not look at, to refuse to consider they won't even look at my offer of £5000
18.
not much to look at, unattractive; plain
noun
19.
the act or an instance of looking a look of despair
20.
a view or sight (of something) let's have a look
21.
(often pl) appearance to the eye or mind; aspect the look of innocence, I don't like the looks of this place
22.
style; fashion the new look for summer
sentence connector
23.
an expression demanding attention or showing annoyance, determination, etc look, I've had enough of this
Word Origin
Old English lōcian; related to Middle Dutch læken, Old High German luogen to look out
Collins English Dictionary - Complete & Unabridged 2012 Digital Edition
© William Collins Sons & Co. Ltd. 1979, 1986 © HarperCollins
Publishers 1998, 2000, 2003, 2005, 2006, 2007, 2009, 2012
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Word Origin and History for look after
look
O.E. locian "see, gaze, look, spy," from W.Gmc. *lokjan (cf. O.S. lokon, M.Du. loeken, O.H.G. luogen, Ger. dial. lugen "to look out"), of unknown origin, perhaps cognate with Bret. lagud "eye." In O.E., usually with on; the use of at began 14c. Meaning "to have a certain appearance" is from c.1400. Noun meaning "an act of looking" is c.1200; meaning "appearance of a person" is from late 14c. To look down upon in the figurative sense is from 1711; to look down one's nose is from 1921. To look forward "anticipate" is c.1600; meaning "anticipate with pleasure" is mid-19c. In look sharp (1711) sharp originally was an adv. "sharply." Look after "take care of" is from late 14c.; look into "investigate" is from 1580s; to not look back "make no pauses" is colloquial, first attested 1893. Look up "research in books or papers" is from 1690s.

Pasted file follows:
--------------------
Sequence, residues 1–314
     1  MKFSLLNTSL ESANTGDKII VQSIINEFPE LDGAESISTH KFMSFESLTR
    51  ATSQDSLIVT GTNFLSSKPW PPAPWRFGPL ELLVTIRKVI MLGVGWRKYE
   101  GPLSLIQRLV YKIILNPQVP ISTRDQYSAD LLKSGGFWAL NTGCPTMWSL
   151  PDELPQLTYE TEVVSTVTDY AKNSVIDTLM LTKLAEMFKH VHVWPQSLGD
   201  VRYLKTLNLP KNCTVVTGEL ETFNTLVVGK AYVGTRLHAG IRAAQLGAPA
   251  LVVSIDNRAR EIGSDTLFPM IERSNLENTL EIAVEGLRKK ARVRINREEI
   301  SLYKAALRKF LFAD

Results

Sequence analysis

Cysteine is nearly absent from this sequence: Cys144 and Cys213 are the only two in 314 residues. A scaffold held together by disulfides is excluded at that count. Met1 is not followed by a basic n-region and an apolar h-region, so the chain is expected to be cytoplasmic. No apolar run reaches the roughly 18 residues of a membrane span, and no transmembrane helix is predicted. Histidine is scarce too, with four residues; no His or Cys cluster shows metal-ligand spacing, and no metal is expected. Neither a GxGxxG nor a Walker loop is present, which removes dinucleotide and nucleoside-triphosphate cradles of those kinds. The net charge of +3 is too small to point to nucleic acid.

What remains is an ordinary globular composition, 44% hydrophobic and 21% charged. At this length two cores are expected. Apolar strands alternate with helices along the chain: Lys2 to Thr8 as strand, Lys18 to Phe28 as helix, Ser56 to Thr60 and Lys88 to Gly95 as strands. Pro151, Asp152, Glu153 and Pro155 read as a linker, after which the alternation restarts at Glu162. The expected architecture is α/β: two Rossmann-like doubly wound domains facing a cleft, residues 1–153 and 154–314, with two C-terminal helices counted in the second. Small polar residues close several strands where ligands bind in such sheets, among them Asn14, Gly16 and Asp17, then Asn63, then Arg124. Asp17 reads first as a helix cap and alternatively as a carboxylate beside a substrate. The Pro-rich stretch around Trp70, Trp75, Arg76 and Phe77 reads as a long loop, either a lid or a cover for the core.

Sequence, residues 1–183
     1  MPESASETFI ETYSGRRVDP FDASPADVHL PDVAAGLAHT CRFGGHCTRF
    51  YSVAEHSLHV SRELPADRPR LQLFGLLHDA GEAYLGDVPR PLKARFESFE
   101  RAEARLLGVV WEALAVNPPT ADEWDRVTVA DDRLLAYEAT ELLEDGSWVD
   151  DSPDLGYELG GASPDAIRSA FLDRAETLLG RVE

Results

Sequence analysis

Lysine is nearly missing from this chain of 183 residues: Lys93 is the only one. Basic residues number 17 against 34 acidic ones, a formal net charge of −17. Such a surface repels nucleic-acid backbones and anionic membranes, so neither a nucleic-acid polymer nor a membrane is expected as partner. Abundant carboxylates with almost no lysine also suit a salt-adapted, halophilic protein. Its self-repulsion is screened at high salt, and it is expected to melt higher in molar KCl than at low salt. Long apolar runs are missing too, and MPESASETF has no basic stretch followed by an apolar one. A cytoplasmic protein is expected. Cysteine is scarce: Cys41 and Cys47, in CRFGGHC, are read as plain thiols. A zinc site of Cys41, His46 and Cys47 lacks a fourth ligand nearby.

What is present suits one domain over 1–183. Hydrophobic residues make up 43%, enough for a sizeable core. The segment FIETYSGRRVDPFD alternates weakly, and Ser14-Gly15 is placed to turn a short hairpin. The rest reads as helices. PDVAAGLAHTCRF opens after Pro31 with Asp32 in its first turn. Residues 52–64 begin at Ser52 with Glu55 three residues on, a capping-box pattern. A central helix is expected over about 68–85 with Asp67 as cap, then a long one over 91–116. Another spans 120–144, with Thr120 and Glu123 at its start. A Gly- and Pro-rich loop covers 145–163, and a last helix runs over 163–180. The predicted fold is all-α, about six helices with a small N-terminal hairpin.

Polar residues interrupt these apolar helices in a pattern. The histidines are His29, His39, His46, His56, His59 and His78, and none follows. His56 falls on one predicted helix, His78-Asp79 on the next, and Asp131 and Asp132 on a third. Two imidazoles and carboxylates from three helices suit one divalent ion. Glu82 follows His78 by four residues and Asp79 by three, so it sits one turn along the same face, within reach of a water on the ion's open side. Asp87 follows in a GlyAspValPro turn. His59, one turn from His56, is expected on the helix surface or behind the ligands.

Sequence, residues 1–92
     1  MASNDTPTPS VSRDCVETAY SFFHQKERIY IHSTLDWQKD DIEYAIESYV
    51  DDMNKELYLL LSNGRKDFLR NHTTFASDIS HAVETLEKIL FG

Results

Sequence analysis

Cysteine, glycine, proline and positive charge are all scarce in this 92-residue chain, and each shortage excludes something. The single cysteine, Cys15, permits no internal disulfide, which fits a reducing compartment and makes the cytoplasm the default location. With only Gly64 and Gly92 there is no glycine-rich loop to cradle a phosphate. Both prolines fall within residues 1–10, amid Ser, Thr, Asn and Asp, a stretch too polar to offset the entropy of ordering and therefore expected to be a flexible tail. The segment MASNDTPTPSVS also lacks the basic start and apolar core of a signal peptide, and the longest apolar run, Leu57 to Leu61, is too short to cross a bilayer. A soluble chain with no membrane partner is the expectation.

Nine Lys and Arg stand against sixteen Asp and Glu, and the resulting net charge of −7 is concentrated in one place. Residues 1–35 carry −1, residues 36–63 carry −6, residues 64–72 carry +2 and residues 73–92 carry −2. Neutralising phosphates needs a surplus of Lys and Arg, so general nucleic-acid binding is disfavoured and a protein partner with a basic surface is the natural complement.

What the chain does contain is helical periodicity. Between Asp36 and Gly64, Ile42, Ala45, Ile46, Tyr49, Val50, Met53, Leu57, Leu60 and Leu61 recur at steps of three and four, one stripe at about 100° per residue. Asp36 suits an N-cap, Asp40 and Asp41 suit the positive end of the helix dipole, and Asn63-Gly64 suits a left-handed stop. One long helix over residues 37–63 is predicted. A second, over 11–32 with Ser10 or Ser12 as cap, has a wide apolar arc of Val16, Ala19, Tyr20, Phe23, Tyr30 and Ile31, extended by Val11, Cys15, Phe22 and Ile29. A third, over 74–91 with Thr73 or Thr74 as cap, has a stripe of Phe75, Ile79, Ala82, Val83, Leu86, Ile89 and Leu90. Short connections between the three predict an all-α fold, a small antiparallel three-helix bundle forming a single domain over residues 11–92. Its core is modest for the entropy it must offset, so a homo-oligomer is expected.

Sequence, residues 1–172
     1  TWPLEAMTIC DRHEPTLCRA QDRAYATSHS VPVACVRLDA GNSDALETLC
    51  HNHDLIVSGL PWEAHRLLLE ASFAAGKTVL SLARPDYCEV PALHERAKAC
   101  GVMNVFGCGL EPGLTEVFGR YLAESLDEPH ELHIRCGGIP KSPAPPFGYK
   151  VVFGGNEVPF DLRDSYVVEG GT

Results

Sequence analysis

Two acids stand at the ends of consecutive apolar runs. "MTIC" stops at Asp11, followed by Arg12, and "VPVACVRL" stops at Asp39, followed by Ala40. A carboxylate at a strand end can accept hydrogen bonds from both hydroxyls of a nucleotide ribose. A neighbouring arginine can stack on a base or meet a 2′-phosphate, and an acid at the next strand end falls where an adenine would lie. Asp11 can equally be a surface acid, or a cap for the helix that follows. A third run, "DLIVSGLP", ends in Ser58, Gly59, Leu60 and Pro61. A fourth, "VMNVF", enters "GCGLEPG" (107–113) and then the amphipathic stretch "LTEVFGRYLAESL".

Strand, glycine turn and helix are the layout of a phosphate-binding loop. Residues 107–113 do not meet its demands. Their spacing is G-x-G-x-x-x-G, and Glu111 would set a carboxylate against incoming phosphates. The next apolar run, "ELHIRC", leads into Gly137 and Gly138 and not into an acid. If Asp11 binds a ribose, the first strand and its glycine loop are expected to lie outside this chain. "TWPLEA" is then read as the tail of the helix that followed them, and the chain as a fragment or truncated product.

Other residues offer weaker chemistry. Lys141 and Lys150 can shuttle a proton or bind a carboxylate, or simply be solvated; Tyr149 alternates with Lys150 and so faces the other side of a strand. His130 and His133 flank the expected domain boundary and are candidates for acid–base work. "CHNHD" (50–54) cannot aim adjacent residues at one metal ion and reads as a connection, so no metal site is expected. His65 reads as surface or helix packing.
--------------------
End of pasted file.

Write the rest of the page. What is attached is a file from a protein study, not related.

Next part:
Online Etymology Dictionary, © 2010 Douglas Harper
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Slang definitions & phrases for look after

look

Related Terms

a hard look


The Dictionary of American Slang, Fourth Edition by Barbara Ann Kipfer, PhD. and Robert L. Chapman, Ph.D.
Copyright (C) 2007 by HarperCollins Publishers.
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Idioms and Phrases with look after
Also, look out for; see after. Take care of, attend to the safety or well-being of, as in Please look after your little brother, or We left Jane to look out for the children, or Please see after the luggage. The first expression dates from the second half of the 1300s, the second from the mid-1900s, and the third from the early 1700s.
The American Heritage® Idioms Dictionary
Copyright © 2002, 2001, 1995 by Houghton Mifflin Company. Published by Houghton Mifflin Company.
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9